“People who get acting roles by playing killers perpetuate the obsession,” said Shirley Hughes, Tony Hughes’ mother.
Evan Peters’ Golden Globe award is criticized by the mother of Jeffrey Dahmer’s victim, Tony Hughes.
Emmy Award winner Peters was up for the 2023 Golden Globe Award for Best Actor in a Limited or Anthology Series or Movie Made for Television for his portrayal of the serial killer in Netflix’s Dahmer – Monster: The Jeffrey Dahmer Story.
The hit series has been plagued by controversy since its premiere, with several families of Dahmer’s victims claiming that the “Monster” production failed to reach those affected by Dahmer’s murder, and that the series was “re-traumatizing” for those affected.
Between 1978 and 1991, Dahmer killed 17 men, mostly targeting BIPOC queer males. The story of Tony Hughes, who was killed by Dahmer in 1991, is a pivotal episode of “Monster,” but Hughes’ mother, Shirley Hughes, does not approve of Peters’ Golden Globe win or the series itself.
“There are many sick people around the world. People casting killers in acting roles perpetuates the obsession,” Hughes said TMZ. “It makes sick people thrive on fame.”
He added: “It’s a shame that people are taking our tragedy and making money from it. The victims did not see a cent. We experience these emotions every day.”
Hughes noted that Peters should have cited the victims’ families in his acceptance speech. Peters said at the time: “I want to thank everyone who watched this show. It was hard to make, it was hard to watch, but I sincerely hope that something good came out of it.”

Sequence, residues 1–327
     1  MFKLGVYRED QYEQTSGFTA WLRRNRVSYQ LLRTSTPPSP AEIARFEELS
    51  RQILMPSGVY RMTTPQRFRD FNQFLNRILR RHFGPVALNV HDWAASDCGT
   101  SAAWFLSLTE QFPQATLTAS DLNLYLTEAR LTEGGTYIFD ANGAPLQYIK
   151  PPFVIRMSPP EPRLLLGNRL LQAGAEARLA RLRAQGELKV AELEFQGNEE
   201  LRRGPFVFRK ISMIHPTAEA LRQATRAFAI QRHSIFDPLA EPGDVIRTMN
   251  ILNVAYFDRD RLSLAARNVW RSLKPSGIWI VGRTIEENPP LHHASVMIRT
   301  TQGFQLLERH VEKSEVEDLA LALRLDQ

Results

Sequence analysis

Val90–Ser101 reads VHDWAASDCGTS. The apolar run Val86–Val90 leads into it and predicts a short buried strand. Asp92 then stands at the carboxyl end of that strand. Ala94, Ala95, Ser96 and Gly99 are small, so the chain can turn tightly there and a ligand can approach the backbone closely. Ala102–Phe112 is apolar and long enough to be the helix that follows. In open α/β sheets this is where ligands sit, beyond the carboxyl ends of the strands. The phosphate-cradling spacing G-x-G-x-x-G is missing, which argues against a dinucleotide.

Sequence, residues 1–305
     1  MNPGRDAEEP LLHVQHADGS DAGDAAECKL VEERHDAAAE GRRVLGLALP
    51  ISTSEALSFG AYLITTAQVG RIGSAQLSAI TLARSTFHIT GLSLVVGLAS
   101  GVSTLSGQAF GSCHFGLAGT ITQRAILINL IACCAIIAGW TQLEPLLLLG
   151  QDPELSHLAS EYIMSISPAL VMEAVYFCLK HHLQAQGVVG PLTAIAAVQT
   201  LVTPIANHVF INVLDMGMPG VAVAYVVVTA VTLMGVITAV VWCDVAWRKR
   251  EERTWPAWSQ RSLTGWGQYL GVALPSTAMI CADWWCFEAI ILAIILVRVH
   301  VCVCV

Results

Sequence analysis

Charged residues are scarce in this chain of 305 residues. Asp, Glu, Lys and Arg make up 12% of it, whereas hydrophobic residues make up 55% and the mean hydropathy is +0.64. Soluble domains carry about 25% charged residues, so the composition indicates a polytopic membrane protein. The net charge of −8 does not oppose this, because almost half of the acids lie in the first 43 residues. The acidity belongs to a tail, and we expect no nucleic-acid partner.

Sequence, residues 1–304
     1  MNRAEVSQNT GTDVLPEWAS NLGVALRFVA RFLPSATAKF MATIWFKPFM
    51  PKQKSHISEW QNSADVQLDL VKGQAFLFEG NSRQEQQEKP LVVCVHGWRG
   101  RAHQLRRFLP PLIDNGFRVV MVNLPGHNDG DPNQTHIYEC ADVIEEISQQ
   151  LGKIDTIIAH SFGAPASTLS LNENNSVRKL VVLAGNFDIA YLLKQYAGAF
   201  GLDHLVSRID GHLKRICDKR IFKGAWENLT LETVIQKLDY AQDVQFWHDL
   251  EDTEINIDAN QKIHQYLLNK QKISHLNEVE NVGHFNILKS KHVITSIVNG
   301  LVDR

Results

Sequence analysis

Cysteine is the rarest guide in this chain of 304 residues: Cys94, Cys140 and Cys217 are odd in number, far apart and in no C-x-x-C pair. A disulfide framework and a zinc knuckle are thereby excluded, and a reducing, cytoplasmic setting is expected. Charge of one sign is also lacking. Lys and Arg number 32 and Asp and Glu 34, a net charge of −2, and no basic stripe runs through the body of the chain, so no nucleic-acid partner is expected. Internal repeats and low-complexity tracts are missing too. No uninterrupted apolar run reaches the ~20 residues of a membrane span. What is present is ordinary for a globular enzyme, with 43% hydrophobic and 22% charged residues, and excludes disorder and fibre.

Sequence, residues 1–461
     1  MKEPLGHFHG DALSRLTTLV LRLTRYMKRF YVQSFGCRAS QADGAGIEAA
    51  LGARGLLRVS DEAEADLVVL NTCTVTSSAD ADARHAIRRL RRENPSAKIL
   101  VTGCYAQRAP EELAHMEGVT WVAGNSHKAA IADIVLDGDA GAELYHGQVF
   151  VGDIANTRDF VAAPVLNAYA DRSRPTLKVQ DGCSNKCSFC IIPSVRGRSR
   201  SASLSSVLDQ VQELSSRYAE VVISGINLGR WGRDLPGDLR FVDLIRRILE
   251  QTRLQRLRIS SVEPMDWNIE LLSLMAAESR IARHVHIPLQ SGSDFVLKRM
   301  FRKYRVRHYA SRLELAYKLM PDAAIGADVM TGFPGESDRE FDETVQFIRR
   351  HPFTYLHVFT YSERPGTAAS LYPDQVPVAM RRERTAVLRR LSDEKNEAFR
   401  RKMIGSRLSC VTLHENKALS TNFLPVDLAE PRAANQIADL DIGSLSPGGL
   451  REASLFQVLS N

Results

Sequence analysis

Tony Hughes was a black, deaf and queer 31-year-old man who was murdered by Dahmer. The “Monster” episode “Silenced” depicts the murder of Hughes after Dahmer convinces him to leave the bar and return home to Milwaukee. Series creator Ryan Murphy cited the movie “Silenced” and Hughes’ story as reasons why Netflix should label the show as LGBTQ. The New York Times that it was “the biggest thing I’ve ever seen that really examines how easy it is to get away with things with white privilege.”
Murphy continued on Hughes’ appearance in the series: “There’s a five-minute scene where three gay deaf men in a pizzeria are talking in sign language about dating and gay life and how hard it is for them. I couldn’t believe that I had been given the gift of being able to present it on television.”
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